Ever wonder where those beautiful cherry trees in Washington, D.C. came from? They were the brainchild of Eliza Ruhamah Scidmore, who asked the U.S. Army Superintendent of the Parks Services in 1885 to plant them along the Potomac waterfront.
Scidmore had just returned from Japan and was overwhelmed by their beauty and the Japanese culture. She was fortunate to be able to visit her brother who was stationed in Japan for much of his career with the U.S. consulate.
Despite Scidmore’s requests, they fell on deaf ears until April of 1909 when she wrote to First Lady Helen Taft suggesting they would make a lovely addition to the capital. Lady Taft quickly agreed. Dr. Jokichi Takamine, a Japanese chemist and ambassador in New York, heard about Lady Taft’s intention to plant cherry trees and asked if he could help.
With great excitement, 2,000 trees were shipped as a gift from the Japanese Ambassador but when they arrived, they were infested with bugs and had to be destroyed. Horrified by the news, Tokyo Mayor Yukio Ozaki sent 3,000 new cherry trees from 12 different varietals that arrived on March 26th, 1912. Finally, they were planted in the capital after 23 years.
Many tourists travel each year to attend the National Cherry Blossom Festival but most have no idea of their storied history and connection to Scidmore. Scidmore’s career, however, was bigger than these magnificent pink blossoms. She started working as a journalist in the early 1880s before joining the National Geographic Society in 1890, just two years after it was created.
Her work there was revolutionary at a time when women were not intrepid travelers that explored places unfamiliar to Americans. Diana Parsal, a journalist and former National Geographic Editor, has written extensively about Scidmore and her groundbreaking career saying:
“Scidmore’s place in history has been largely forgotten… Scidmore lived in an era when women’s lives were written as footnotes in their husbands’ stories. The pioneering journalist slipped into obscurity, in part, because she never married.”
It’s amazing when you consider how a woman’s social stature was dependent on her husband. On her website, Parsell highlights some of the trailblazing firsts by Scidmore.
As a journalist, Scidmore followed the travels of John Muir in Alaska. Muir is generally considered the father of the National Park Service whose scientific studies and travels through Glacier Bay made it a popular attraction.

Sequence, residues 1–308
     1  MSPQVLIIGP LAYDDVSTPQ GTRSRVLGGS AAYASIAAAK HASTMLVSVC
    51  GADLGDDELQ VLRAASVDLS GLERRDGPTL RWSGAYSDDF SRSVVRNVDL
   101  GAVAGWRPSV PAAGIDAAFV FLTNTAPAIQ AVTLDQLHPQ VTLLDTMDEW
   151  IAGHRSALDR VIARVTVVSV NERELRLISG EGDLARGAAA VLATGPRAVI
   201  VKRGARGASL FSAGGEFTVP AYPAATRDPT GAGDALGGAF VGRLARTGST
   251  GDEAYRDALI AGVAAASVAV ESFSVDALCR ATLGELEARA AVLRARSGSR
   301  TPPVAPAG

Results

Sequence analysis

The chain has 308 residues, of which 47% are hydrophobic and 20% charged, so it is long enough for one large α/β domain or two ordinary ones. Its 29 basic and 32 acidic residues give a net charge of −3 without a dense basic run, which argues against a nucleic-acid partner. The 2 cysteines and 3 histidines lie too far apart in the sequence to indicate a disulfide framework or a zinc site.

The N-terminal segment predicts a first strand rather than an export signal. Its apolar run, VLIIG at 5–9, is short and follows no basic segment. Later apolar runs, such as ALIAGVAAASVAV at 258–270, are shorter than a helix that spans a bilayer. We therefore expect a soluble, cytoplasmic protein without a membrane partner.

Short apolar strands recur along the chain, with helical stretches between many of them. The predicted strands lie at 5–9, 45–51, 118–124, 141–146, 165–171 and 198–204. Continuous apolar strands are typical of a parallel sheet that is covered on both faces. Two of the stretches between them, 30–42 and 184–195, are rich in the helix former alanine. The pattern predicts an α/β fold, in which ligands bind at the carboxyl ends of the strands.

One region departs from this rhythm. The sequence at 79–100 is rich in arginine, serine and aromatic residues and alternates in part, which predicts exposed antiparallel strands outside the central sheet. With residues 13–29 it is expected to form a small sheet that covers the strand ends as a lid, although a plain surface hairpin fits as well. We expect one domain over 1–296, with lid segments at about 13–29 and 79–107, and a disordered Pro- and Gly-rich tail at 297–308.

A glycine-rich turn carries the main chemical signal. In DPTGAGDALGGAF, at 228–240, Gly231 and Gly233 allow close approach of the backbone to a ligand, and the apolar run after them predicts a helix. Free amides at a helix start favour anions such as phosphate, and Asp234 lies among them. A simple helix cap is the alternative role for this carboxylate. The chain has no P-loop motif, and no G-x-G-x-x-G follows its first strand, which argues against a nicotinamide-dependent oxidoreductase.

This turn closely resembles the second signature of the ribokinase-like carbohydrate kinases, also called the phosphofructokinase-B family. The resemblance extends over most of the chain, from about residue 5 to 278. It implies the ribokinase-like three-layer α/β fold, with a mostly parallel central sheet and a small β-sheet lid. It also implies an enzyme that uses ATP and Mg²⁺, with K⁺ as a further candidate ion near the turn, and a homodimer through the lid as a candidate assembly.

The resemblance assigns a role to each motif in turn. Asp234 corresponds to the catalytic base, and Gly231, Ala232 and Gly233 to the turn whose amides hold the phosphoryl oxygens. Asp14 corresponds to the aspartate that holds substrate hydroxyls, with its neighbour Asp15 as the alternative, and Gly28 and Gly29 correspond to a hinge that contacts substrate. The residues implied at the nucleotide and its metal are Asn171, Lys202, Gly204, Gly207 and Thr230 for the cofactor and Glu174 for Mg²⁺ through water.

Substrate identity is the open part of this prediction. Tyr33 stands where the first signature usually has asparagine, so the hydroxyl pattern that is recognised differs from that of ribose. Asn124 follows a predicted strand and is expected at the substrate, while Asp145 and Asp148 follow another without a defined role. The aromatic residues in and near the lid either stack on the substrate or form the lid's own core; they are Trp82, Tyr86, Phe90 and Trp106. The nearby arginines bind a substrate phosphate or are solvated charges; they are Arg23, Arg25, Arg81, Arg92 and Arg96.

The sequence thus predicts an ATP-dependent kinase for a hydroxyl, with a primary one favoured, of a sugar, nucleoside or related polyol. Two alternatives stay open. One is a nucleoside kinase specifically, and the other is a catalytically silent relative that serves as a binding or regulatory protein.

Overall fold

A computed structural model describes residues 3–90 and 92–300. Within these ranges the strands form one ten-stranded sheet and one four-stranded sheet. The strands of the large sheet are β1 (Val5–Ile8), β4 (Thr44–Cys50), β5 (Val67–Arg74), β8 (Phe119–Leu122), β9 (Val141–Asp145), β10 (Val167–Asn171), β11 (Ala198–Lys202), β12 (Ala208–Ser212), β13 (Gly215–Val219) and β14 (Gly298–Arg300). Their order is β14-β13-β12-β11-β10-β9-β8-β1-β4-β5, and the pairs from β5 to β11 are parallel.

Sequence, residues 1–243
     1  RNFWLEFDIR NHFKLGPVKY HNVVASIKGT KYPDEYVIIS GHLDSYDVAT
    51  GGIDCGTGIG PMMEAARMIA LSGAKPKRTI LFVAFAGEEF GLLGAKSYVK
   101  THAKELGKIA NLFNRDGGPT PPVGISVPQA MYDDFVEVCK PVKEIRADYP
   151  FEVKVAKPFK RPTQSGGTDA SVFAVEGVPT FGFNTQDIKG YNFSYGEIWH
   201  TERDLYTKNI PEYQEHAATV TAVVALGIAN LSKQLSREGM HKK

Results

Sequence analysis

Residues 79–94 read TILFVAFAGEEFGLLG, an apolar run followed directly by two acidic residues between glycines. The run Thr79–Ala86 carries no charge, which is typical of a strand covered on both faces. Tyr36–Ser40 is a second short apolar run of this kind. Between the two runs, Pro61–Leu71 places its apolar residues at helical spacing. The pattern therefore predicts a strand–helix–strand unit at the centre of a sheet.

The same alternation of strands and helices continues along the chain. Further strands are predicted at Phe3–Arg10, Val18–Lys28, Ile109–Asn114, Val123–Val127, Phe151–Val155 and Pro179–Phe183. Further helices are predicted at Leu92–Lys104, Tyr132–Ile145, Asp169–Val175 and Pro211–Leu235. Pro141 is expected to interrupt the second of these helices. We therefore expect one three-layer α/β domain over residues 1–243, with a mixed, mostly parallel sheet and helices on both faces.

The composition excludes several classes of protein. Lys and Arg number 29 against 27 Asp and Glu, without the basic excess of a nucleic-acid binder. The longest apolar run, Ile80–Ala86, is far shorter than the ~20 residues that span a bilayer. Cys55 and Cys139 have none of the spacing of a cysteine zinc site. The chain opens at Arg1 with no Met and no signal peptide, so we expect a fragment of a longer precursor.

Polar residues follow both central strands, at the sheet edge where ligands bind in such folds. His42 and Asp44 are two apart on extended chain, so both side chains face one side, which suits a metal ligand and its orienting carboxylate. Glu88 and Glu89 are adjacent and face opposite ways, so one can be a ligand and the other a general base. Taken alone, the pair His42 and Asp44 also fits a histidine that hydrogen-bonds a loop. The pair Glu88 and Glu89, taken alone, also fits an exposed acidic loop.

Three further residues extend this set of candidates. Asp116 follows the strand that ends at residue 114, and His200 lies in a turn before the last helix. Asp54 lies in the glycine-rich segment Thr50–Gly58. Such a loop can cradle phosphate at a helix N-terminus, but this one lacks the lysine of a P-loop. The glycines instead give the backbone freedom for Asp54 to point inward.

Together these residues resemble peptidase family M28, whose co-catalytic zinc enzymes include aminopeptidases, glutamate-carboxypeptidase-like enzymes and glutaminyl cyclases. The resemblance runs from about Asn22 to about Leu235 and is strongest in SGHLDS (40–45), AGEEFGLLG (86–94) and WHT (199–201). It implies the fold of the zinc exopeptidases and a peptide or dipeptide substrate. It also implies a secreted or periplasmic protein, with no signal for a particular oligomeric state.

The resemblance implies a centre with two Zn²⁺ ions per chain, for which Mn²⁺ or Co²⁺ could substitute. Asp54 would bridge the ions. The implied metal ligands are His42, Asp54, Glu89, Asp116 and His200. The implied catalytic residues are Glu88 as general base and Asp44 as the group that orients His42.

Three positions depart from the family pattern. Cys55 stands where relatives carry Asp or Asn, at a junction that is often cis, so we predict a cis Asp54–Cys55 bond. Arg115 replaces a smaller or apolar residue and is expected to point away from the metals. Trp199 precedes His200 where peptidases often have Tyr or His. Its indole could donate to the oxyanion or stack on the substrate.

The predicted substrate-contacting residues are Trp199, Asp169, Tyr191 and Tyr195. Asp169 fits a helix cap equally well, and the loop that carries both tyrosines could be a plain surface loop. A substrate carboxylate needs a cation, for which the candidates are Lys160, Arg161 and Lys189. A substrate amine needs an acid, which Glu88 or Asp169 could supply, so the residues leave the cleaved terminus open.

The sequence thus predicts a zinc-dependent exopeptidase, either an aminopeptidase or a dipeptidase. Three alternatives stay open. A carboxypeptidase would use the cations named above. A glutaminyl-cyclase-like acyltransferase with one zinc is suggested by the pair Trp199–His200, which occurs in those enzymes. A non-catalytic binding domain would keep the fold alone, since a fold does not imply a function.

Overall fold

Scidmore followed Muir’s adventures and decided she would see Alaska for herself, the way all of the women in history like Dickie Chapelle and Doris Allen do. They are trailblazers because they feel compelled to report from the front lines.
So Scidmore boarded a steamship and headed north in 1883 and 1884 at a time when travel was not without considerable risk. The journeys were long and lasted for a month at a time, with few modern conveniences. Over the course of these trips, Scidmore visited Glacier Bay in Alaska and wrote the first extensive guidebooks about Alaska according to Parsell.
Photo credit: Alaska State Library and Archives (1880)
In 1885, a collection of her entries were published as Alaska: Its Southern Coast and the Sitkan Archipelago, helping to dispel the myth that Alaska was a barren land without biodiversity and seasonal climate changes. Remember Americans didn’t know much about the state as it had recently been purchased from Russia less than twenty years earlier in 1867 (for $7.2 million).
Scidmore’s writings helped to attract more tourists to Alaska and eventually helped increase the number of settlers. It’s fitting that Scidmore became the first woman to write for National Geographic in the 1890s and was invited to join the board just two years later.
Scidmore’s continued travels led to more publications, seven in all. They detailed some of her adventures beyond Alaska including journeys to India, Japan, and China. In 1891, she published Jinrikisha Days in Japan – followed by a short guidebook, Westward to the Far East (1892).
Over the 25 years spent writing and taking photographs for National Geographic, Scidmore shared more than a dozen articles including one about a deadly tidal wave in Japan called a tsunami. This was a new word for Americans who knew nothing of the phenomenon in June 1896 when it ripped through Sanriku. The 8.5 magnitude earthquake caused two tsunami’s whose waves reached 125 feet and remained the highest on record until 2011. It killed 22,000 people.
Later in 1900, Scidmore wrote China, the Long-Lived Empire, and in 1903, Winter India. Scidmore continued to travel for the remainder of her life, shattering images about women’s capabilities. She was fearless about exploring and learning and drawing attention to the need to protect the environment.
Scidmore loved the beauty of the trees and championed the waterways. There was a new conservation movement happening in the United States that Scidmore fueled. She wrote to the editor of Century Magazine in Sept. 1893 saying Americans needed to support the new National Forest Reserves established for the public good.
Throughout Scidmore’s adventures, she connected with people from other cultures. As the first American writer, photographer and cultural geographer, Eliza enlightened the world with her curiosity and fearless explorations.
Scidmore’s cherry trees in Washington draw more than 1.5 million tourists annually. First Lady Eleanor Roosevelt wrote in Reader’s Digest, “that we are indebted for this magnificent spectacle to the energy and vision of one American, Miss Eliza Scidmore.” She embodied the fearless spirit of adventure that opened new frontiers for an emerging America and a world hungry to know more about our natural world.
Tomorrow, WomanScape shares two of Scidmore’s inspiring travel photos and an inspiring quote by Mahatma Gandi.